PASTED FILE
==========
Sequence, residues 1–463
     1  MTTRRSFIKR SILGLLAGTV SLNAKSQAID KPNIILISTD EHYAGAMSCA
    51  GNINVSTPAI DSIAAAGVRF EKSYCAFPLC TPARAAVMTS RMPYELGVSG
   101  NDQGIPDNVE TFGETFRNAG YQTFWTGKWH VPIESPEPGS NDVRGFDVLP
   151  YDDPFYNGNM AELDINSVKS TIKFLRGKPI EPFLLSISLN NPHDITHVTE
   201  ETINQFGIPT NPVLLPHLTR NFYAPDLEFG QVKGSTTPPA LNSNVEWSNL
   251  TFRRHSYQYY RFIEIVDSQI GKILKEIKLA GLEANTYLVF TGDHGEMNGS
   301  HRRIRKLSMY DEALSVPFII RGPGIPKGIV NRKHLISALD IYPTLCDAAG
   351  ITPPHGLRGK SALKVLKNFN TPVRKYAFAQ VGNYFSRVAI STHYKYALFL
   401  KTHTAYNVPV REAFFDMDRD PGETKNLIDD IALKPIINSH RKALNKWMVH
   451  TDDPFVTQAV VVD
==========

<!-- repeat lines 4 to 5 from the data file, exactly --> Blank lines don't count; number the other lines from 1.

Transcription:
   101  NDQGIPDNVE TFGETFRNAG YQTFWTGKWH VPIESPEPGS NDVRGFDVLP
   151  YDDPFYNGNM AELDINSVKS TIKFLRGKPI EPFLLSISLN NPHDITHVTE